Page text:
Faith Hate: The EDL Targets Faith Communities for New Recruit

25/09/2012 16:55 BST | Updated 25/11/2012 10:12 GMT

The recent launch of the Faith Hate report by Faith Matters, the organisation that I head, highlights the continuing attempts by the far-right English Defence League (EDL) to manipulate local tensions between faith communities in our country.

As our research shows, the EDL has actively attempted to recruit members of faith communities into its ranks. Recently, both EDL leader "Tommy Robinson" (real name: Stephen Lennon) and his cousin and deputy Kevin Carroll turned up outside a police station in Luton where an individual of Pakistani heritage had been detained for an alleged sexual assault against a Sikh female.

Local Sikhs had been gathering around the building. Sensing an opportunity to manipulate local concerns, Robinson and his motley crew decided to mingle with the crowds, even though the vast majority of Sikhs are sickened with groups like the EDL. After taking photos, Robinson decided to post them straight to Twitter. To the EDL leadership this was a campaigning and photo opportunity and a blatant attempt to abuse community tensions and feelings. They simply walked away after getting their pictures with little or no care about the repercussions or tensions they had stirred.

Also highlighted in the Faith Matters report is the lack of a national voice from mainstream Christian communities against the English Defence League and other extreme groups within our country. The EDL has consistently misused Christian symbolism in its literature and online content. It's symbols attempt to brand the EDL as "protecting" Christian values, even though most EDL sympathisers are unlikely to be regular worshippers.

Local anti-hate campaigners like Peter Adams of the St Mary's Church and Churches Together in Luton, the Bishop of St Albans and Bishop Tony Robinson of the Kirklees Faiths Forum have all stood up and been extremely active at a local level against the corrosive activities of the EDL. Peter Adams in Luton provides pastoral care when EDL marchers tramp through his community.

His care and compassion stands in marked contrast to the institutional silence of the Church of England and other mainstream Christian bodies at a national level. In a fast-moving world of instant communication, such bodies may well be left behind in the media tussle that is taking place. That would be a real shame, since their voices carry real authority in areas where the EDL are at their strongest.

On a separate note, our report also highlights the work of the Jewish Defence League (JDL) made up of only a handful of campaigners. One of them, it has been alleged, is Roberta Moore who previously left the EDL's Jewish Division after complaining of anti-Semitism. Moore links Atlas Shrugs 'soccer mom' blogger, Pamella Geller, and a variety of anti-Muslim pressure groups Geller has developed in the US (such as Stop the Islamization of America and more recently being behind the inflammatory New York subway poster campaign against Muslim communities in the US). The JDL UK Facebook page recently ran a series of graphic and pornographic images of Mohammed and regularly threatens violence. For example, in other recent posts it suggested that US Secretary of State Hilary Clinton should be hung and then went on to abuse the deceased US Ambassador to Libya, Chris Stevens.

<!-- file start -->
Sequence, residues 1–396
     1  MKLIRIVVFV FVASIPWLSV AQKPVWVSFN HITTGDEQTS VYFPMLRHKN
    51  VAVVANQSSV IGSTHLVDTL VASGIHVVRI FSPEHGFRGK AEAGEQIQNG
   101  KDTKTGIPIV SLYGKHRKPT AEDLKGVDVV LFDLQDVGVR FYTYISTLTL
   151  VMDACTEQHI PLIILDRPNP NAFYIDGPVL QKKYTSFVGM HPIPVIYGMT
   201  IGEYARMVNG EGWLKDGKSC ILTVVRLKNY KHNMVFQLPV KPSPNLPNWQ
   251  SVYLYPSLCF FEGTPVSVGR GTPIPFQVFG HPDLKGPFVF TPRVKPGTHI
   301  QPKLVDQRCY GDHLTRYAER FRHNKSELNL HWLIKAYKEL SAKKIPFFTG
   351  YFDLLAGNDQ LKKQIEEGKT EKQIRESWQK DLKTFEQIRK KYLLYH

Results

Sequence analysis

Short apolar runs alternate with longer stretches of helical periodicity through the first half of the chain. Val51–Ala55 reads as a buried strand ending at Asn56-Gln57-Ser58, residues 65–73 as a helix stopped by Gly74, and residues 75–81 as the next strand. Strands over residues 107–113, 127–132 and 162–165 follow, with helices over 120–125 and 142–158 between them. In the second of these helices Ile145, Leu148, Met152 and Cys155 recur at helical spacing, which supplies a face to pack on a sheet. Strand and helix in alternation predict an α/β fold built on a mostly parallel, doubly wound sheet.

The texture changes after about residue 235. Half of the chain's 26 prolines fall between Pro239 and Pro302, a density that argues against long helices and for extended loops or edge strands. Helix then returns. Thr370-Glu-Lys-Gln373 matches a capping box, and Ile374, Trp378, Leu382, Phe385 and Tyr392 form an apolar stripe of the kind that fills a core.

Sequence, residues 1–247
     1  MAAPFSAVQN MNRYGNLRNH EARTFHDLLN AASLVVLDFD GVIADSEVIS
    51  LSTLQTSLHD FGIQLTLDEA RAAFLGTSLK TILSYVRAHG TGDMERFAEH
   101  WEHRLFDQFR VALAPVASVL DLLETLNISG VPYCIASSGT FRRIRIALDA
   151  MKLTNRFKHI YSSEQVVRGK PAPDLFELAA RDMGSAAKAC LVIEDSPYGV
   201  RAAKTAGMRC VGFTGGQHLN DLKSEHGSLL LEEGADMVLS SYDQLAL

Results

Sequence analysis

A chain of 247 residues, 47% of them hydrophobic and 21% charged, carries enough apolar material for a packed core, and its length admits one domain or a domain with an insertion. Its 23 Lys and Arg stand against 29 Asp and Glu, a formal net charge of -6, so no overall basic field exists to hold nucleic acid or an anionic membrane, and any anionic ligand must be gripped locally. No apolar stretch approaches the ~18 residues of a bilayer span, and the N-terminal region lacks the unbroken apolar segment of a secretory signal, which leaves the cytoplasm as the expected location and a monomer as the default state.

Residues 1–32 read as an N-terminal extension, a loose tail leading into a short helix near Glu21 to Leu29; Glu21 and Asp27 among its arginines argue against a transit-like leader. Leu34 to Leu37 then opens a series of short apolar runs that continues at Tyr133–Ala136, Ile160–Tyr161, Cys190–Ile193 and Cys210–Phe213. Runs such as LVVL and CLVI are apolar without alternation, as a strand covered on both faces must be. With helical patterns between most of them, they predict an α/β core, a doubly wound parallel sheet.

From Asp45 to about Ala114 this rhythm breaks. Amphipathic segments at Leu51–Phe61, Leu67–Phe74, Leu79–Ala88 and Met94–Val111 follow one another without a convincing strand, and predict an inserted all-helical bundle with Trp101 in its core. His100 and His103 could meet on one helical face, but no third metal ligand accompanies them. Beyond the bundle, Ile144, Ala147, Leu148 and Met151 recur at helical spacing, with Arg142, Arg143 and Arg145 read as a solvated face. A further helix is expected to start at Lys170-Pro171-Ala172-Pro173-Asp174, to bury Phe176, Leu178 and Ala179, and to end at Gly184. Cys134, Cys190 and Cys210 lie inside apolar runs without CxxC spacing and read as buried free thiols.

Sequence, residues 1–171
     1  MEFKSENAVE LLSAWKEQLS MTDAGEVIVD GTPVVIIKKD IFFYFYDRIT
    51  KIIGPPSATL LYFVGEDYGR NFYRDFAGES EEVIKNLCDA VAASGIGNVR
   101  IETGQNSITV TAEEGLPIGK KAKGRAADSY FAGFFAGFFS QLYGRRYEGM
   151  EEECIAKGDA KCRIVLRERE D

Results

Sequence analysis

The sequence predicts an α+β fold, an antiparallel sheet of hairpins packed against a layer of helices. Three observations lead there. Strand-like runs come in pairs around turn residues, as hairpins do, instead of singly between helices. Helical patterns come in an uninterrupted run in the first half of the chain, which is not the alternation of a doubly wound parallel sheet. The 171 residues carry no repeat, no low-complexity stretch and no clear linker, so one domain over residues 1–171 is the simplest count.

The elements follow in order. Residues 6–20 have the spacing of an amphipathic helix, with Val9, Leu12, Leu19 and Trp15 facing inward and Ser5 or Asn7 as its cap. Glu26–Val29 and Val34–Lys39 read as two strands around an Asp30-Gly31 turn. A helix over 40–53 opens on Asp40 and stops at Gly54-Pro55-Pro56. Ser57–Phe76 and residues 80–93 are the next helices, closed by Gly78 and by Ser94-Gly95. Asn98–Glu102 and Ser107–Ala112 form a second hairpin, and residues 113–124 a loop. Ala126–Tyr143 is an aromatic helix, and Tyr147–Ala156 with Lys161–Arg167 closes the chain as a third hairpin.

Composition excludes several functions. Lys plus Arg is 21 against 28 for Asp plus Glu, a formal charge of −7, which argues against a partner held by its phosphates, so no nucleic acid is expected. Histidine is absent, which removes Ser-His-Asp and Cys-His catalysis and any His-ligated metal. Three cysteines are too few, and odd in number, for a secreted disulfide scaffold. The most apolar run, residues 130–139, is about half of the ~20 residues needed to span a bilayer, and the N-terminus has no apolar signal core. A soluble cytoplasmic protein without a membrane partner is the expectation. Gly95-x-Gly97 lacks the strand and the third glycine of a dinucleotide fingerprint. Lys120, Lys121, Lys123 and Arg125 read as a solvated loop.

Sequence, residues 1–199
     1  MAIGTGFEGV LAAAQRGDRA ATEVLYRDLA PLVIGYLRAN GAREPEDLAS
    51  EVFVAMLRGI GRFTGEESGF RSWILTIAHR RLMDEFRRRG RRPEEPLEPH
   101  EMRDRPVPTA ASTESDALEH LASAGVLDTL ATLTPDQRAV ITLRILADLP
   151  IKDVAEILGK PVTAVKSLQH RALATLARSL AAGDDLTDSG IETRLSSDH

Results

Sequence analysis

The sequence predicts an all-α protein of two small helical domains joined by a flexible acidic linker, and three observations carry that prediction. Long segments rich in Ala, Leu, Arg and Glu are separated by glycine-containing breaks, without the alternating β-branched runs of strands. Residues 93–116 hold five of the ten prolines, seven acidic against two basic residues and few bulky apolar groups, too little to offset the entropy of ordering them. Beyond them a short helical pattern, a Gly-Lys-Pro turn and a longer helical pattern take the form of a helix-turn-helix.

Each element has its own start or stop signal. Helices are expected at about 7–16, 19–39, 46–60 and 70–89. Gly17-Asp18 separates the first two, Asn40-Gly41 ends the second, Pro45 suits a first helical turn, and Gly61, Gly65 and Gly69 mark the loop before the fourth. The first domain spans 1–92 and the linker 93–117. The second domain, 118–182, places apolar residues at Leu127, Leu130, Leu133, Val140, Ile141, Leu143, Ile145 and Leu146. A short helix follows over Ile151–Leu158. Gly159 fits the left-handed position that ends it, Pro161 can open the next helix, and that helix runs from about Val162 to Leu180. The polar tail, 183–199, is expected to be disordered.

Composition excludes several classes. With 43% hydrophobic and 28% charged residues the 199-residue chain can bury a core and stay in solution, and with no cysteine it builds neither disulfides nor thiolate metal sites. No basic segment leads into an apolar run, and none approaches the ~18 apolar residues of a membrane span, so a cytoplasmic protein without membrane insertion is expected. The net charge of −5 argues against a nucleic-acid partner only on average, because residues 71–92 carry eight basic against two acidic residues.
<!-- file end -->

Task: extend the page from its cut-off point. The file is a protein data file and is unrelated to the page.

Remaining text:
The Kahanist principles that this group has been based upon have been banned in Israel itself and Kahanist movements have generally been regarded as an internal threat by successive Israeli Governments. At Faith Matters we therefore call on the Home Office to proscribe this group here in the UK and to investigate where its funding originates, since the group promotes not only anti-Muslim hatred but also gives succour to anti-Semitic hate. Both of these hatreds are unacceptable in our country.

Whilst more and more lights are shone on the EDL and its affiliates, we believe that the future may give these far-right organisations more oxygen, as economies weaken in Europe. More than ever, the voices of reason within faith communities are needed and there is a need for all of us to report faith-hate crimes where we see them. If we allow the EDL and other extreme groups an inch, have no doubt, they will take a mile and before long they will be shaping your future into one of conflict.